A fabulous double-breasted blazer with a pleasingly full and gentle shape, cut in a densely woven Italian linen hopsack. 

The deliberate restraint of the collection means that even those rather unconventional pastel coloured pieces still feel understated and easy to wear. Nothing is pushed too far; lapels are the perfect width, jackets are not structured too strongly and stylistic details are sparse, but perfectly placed. The complete absence of jacket ticket pockets from the collection is a good example, as is the decision to cut most jackets with classic horizontal jetted pockets, as opposed to slanting pockets. These help to keep all the jackets fuss-free and simple, allowing the quality of construction and innovative use of pastel colours to shine through. Also fascinating is the way in which the company's three hundred and fifty years worth of archives consistently inform those details which have made their way into the collection. Some sports coats have turn-back cuffs echoing the cuffs on a Royal Livery Uniform for example and new shirt collar shapes echo the collarless shirting worn by the Judiciary, and a modernised take on Edwardian button-down designs.

Note the modern take on an equestrian field coat, with military inspired cuffs on the left.

Next Spring and summer will bring with it an impressive, intelligently designed and highly welcome collection from Ede & Ravenscroft - a collection which combines traditional gentleman's dress with innovative use of colour and styling to produce a very fresh and sharp aesthetic. I for one can't wait for it to arrive.

Tuesday, 1 July 2014

The Grey Trouser Project II: The First Basted Fitting

Grave news. A mixture of two months of a terrible diet during finals, followed by an intense period of cycling and running in an attempt to lose the weight I put on has problematised the trouser situation. This something which Mr John Baker, my tailor at Cad & the Dandy confirmed for me by looking my legs up and down and asking succinctly 'have you been doing any running lately?' Apparently this recent bout of inactivity followed by my chosen form of exercise has increased the size of my thighs by half an inch each, and my seat measurement has grown an inch in size...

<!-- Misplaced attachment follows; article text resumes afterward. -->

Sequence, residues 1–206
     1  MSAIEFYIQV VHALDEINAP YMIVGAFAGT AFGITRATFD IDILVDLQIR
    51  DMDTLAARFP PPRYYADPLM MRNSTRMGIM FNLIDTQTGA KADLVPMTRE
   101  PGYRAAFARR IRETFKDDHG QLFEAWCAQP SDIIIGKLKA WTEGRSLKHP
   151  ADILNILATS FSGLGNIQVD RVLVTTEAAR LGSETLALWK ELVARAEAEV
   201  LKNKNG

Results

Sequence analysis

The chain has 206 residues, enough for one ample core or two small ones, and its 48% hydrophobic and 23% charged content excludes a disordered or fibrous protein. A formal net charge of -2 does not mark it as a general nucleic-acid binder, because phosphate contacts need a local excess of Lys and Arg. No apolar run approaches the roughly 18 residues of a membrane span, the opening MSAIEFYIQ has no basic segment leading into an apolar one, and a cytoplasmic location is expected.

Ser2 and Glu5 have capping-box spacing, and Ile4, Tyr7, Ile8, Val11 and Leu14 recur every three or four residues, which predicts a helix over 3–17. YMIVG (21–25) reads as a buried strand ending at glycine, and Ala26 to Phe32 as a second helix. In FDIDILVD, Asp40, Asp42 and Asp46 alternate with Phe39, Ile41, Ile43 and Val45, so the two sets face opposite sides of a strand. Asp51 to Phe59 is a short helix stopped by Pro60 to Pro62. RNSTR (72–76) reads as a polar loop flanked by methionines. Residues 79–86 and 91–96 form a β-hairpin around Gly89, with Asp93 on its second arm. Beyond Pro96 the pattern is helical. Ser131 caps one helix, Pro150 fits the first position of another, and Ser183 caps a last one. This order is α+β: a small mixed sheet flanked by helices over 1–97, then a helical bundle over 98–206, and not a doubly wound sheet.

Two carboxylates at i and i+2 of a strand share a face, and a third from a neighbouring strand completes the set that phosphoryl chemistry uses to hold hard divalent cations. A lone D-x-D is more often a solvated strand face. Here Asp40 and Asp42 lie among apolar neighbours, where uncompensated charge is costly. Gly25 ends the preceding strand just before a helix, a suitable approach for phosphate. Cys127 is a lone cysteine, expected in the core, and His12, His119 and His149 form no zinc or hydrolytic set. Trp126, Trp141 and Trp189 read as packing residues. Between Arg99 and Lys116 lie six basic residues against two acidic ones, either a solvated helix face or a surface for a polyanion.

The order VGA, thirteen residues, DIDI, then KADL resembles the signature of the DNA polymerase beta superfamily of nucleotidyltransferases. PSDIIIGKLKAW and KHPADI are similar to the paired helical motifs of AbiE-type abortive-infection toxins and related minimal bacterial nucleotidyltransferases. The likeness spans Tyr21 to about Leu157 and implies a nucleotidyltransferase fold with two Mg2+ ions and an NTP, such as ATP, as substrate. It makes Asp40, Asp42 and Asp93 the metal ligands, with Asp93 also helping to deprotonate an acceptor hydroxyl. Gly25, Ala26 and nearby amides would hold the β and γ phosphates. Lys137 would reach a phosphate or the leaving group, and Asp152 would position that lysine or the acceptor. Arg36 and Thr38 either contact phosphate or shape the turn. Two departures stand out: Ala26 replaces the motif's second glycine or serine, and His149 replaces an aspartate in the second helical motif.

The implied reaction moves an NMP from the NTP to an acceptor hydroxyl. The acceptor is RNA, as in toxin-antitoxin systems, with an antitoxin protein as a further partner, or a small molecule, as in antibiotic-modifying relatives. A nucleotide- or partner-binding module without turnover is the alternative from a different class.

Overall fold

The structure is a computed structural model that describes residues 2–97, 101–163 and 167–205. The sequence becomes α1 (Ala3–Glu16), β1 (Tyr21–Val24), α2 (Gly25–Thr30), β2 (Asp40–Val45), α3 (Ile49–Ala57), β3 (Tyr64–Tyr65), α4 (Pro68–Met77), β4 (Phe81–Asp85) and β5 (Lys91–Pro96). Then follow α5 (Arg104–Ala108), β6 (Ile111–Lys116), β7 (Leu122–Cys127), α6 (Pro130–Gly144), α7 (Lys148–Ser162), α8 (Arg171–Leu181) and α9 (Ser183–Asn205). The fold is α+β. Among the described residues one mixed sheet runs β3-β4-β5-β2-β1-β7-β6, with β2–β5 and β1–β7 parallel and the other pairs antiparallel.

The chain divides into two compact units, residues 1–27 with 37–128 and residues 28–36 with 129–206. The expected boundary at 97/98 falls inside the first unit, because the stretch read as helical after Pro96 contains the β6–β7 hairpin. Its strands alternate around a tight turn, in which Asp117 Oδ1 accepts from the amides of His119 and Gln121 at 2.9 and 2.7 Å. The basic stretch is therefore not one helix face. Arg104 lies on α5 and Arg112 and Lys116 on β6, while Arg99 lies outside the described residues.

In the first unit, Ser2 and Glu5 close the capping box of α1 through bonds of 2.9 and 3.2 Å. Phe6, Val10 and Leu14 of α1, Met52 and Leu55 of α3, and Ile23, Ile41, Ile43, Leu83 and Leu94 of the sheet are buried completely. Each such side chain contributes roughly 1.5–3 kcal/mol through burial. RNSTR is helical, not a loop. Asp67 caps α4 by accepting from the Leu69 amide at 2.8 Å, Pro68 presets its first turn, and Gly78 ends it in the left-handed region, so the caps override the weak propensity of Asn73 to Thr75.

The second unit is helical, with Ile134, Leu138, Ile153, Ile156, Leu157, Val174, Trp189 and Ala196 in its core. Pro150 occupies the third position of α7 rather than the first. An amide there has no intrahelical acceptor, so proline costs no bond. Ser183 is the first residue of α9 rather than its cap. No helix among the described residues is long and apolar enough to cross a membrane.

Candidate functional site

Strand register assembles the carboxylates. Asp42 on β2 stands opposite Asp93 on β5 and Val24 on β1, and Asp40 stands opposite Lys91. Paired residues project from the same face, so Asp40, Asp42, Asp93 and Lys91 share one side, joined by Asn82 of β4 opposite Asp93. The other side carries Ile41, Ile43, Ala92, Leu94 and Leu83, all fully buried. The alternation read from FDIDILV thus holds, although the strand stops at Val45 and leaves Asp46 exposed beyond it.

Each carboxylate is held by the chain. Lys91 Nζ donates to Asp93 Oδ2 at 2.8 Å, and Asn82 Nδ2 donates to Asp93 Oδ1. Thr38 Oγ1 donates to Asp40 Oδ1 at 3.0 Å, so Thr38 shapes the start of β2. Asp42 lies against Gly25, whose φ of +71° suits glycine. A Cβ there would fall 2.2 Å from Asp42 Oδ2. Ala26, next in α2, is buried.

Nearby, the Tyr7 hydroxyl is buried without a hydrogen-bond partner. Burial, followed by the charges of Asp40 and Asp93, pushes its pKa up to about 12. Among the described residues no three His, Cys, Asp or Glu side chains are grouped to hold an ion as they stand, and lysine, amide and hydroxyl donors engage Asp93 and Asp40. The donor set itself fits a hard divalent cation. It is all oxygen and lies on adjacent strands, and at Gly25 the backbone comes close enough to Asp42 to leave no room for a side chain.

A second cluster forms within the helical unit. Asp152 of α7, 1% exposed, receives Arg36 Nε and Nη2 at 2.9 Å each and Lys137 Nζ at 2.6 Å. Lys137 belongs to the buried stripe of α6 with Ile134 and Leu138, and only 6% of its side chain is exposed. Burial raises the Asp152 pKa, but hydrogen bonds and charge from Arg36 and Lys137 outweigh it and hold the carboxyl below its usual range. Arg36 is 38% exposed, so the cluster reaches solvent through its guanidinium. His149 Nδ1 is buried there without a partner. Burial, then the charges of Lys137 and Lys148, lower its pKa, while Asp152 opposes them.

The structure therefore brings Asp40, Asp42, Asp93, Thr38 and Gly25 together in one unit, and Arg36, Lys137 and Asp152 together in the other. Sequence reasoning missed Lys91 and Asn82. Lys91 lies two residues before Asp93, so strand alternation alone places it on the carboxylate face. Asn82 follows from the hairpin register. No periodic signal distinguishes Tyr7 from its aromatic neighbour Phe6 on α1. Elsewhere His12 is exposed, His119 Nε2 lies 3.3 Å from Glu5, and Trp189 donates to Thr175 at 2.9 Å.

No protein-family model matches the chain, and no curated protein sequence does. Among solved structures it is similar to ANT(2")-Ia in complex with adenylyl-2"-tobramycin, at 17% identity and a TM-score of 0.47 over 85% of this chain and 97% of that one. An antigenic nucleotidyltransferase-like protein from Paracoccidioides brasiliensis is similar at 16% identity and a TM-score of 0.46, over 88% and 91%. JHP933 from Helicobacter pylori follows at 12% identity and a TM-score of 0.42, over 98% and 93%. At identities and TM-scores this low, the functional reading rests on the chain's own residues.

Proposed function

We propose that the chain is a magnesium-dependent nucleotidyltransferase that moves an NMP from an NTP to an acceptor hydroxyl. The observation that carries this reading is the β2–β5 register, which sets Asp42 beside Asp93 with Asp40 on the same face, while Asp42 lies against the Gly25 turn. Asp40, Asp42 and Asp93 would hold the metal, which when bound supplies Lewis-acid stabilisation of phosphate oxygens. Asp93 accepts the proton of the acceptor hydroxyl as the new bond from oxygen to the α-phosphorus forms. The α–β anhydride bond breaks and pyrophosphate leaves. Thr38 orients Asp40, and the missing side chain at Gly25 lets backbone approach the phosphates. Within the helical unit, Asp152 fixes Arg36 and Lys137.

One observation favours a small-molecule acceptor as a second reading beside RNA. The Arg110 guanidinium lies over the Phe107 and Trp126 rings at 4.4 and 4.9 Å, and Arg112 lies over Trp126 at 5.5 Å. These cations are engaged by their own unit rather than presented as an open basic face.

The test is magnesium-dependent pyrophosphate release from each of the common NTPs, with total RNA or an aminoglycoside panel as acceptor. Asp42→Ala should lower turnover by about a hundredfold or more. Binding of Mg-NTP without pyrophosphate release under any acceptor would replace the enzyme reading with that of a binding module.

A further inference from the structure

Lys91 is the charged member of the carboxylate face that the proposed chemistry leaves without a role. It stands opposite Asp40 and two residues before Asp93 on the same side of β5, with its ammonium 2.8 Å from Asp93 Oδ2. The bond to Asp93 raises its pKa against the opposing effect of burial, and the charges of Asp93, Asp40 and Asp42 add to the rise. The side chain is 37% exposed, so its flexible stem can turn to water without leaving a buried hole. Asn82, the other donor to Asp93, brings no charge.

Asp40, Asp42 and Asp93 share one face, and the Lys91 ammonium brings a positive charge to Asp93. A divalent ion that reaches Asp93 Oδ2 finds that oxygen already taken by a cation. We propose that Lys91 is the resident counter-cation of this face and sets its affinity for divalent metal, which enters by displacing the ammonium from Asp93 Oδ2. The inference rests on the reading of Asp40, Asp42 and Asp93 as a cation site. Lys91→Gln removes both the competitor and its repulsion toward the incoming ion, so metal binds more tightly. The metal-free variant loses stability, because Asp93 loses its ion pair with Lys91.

The light grey gabardine, twin-pleated pair. The stretching and tightness across the thigh can clearly be seen.

This discovery took place as I squeezed myself into the skeleton baste of the two pairs of bespoke grey woollen trousers that I have on order from Cad & the Dandy. I have very much been looking forward to seeing these two trousers made-up at the basted fitting, because I wasn't sure how they were going to look or feel on - particularly the darker pair, cut in a 13oz charcoal cavalry twill. Fortunately, I am extremely pleased with how both trousers are shaping up. Both cloths have a softer handle than I thought they might, whilst remaining extremely strong and durable with plenty of body. I also feared that the cavalry twill might look a little old fashioned, but actually I am very pleased with how sharp they look. The chunky turn-ups have been basted onto both trousers and look great, and although the size issue with the trousers in the thigh means that the pleats are not draping properly (as they hopefully will be at the next fitting), the choice of twin pleats on the light grey twill and single inverted pleats on the cavalry twill were definitely the right decisions to make. The single inverted pleat keeps the cavalry twill looking relatively contemporary, whilst double pleats on the light grey twill suit the classic quality of the cloth itself.

The light charcoal cavalry twill pair. Again, the stretching around my hip and across my thigh can be clearly made-out.

With regards to fit, we obviously have an unexpectedly long way to go - but this is entirely my fault, due to my change in size meaning that I've outgrown what has up until now been an ideal pattern. Fortunately, both John and Mr Ryan Lovatt (who assisted at the fitting) offered me the attentive service you'd expect, quickly leapt into action and gave both pairs of trousers a very thorough examination. Their expert eyes determined that there are a number of things that need to be done with both pairs. Firstly, the waist of each trouser needs letting out half an inch, just to make sure that they're on the comfortable side of tight, just as I like them. Equally, due to the increase in the size of my rump, the trousers need easing out an inch through the seat.